Creating simple hello-world image

Our image, which we will push into our new registry will be based on the Docker's Hello World image. So let's pull the image.

docker pull hello-world
Pulling hello-world image

Before we can push the image, we must tag it with the fully qualified name of our registry.

docker tag hello-world registrydavid.azurecr.io/hello-world:unsigned
Tagging hello-world image

Now we can push the image into our registry.

docker push registrydavid.azurecr.io/hello-world:unsigned
Pushing hello-world image into our registry

This should push a hello-world image tagged unsigned into our registry. How do we sign the image tag though?

Enabling Docker Content Trust

Whole Docker Content Trust can be enabled by setting an environment variable DOCKER_CONTENT_TRUST.

export DOCKER_CONTENT_TRUST=1
Enabling Docker Content Trust

Now, once we enabled the DCT, our client will start verifying signatures. That means, that if we try to pull an image which is not signed, we should get an error.

$ docker pull registrydavid.azurecr.io/hello-world:unsigned
No valid trust data for v4
Pulling unsigned image with DCT enabled

The client will also start signing image tags that we try to push into registries. Let's create a new tag that we will sign.

docker tag hello-world registrydavid.azurecr.io/hello-world:signed
Tagging hello-world image

Now that we have a new image with tag signed we can push it.

$ docker push registrydavid.azurecr.io/hello-world:signed

The push refers to repository [registrydavid.azurecr.io/hello-world]
9c27e219663c: Layer already exists
signed: digest: sha256:90659bf80b44ce6be8234e6ff90a1ac34acbeb826903b02cfa0da11c82cbc042 size: 525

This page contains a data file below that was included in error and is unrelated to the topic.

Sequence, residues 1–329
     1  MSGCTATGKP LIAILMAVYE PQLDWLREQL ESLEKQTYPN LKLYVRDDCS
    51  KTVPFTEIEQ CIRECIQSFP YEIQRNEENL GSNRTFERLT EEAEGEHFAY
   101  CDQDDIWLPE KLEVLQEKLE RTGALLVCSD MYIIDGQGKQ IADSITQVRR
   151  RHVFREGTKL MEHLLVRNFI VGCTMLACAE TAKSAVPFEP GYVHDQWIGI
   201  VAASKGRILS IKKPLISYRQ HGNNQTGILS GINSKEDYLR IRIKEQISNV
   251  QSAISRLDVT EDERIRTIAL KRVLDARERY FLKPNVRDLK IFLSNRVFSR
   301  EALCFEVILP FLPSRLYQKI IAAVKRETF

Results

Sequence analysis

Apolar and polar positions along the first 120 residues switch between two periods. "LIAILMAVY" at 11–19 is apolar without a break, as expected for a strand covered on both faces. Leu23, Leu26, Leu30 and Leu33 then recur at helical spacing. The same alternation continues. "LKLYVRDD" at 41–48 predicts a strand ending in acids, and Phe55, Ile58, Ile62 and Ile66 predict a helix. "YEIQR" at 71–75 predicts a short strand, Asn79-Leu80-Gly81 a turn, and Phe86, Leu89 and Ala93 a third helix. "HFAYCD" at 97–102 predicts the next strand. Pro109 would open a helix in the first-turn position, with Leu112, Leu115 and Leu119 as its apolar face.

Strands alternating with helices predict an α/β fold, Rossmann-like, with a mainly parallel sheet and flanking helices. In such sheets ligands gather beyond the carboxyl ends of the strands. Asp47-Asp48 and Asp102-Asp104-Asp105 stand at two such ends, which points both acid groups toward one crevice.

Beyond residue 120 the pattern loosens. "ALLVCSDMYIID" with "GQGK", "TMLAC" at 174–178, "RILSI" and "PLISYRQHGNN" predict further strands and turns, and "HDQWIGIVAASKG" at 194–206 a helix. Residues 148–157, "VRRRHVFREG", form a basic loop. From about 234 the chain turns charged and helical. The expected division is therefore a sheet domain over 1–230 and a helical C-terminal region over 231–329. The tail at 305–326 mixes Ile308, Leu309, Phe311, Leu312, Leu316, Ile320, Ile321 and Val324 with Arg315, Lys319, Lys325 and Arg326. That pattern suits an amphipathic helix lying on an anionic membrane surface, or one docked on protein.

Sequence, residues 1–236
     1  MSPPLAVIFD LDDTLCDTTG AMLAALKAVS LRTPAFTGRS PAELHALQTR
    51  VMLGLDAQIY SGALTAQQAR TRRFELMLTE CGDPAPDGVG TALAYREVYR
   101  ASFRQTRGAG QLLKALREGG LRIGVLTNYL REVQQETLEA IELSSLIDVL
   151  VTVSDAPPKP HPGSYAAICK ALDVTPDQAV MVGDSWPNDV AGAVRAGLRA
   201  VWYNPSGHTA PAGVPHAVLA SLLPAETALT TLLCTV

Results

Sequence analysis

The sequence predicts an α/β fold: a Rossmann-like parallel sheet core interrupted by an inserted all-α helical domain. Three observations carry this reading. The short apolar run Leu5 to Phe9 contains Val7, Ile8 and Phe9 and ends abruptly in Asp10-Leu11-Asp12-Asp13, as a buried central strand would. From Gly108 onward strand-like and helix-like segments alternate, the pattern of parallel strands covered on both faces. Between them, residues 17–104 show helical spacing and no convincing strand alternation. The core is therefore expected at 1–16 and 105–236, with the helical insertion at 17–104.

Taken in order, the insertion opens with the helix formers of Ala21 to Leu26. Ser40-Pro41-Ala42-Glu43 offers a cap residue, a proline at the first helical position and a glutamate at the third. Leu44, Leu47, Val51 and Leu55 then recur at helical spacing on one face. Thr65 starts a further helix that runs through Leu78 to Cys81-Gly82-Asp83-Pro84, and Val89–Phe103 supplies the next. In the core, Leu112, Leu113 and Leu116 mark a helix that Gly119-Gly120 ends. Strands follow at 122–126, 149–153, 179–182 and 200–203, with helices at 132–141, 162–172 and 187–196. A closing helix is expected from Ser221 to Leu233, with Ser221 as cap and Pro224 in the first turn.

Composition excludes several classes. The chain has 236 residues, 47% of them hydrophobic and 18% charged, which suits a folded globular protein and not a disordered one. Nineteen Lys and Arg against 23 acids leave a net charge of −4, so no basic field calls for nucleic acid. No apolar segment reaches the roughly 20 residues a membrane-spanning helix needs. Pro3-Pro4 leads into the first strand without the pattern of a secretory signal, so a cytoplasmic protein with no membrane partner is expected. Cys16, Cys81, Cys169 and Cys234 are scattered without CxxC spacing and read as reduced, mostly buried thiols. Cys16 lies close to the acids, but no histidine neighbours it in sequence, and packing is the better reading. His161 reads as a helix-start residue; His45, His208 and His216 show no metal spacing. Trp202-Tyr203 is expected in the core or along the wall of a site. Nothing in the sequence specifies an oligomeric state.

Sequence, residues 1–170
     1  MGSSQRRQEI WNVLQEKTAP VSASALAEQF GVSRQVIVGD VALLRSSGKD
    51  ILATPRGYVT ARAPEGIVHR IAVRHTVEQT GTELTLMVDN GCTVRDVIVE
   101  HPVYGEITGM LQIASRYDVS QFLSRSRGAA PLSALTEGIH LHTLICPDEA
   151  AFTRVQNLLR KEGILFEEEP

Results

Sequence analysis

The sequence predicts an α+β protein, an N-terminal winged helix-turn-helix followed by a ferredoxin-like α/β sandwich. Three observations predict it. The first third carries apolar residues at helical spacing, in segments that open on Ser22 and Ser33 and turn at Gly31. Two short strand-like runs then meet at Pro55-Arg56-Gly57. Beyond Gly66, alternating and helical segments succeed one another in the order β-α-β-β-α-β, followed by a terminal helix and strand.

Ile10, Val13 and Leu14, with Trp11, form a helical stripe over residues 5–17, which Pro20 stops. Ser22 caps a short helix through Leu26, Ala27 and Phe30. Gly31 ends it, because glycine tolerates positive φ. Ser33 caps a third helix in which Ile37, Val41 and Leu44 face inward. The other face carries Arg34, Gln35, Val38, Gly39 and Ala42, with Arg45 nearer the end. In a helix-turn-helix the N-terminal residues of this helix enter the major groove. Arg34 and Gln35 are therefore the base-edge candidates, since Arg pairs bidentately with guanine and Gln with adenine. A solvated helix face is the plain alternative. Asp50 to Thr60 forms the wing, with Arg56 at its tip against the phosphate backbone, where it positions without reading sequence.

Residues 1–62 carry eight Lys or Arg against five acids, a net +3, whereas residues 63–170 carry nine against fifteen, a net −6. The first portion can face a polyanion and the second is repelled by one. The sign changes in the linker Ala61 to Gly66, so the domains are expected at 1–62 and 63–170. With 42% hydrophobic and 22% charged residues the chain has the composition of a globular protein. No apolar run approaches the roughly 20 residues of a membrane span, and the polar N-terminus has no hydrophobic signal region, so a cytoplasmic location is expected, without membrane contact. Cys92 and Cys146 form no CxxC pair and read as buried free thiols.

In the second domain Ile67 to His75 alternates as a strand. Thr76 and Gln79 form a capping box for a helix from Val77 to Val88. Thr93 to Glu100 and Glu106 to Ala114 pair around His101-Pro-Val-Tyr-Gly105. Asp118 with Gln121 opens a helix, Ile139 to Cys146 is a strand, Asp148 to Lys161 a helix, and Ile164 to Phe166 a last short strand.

Signing and pushing trust metadata
You are about to create a new root signing key passphrase. This passphrase
will be used to protect the most sensitive key in your signing system. Please
choose a long, complex passphrase and be careful to keep the password and the
key file itself secure and backed up. It is highly recommended that you use a
password manager to generate the passphrase and keep it safe. There will be no
way to recover this key. You can find the key in your config directory.
Enter passphrase for new root key with ID 1ed587e:
Repeat passphrase for new root key with ID 1ed587e:
Enter passphrase for new repository key with ID b2c4e9e:
Repeat passphrase for new repository key with ID b2c4e9e:
Finished initializing "registrydavid.azurecr.io/hello-world"
Successfully signed registrydavid.azurecr.io/hello-world:signed
Pushing signed docker image tag

Once you push the image with the signed tag, you will be prompted for two passphrases (if you have never done it before). After entering those passphrases, your signed image tag will be successfully pushed. Now when you try to pull the image, you should get no error.

docker pull registrydavid.azurecr.io/hello-world:signed
Pulling signed Docker image with tag signed

If you want to know how the content trust works in details, you can go through Docker Content Trust documentation.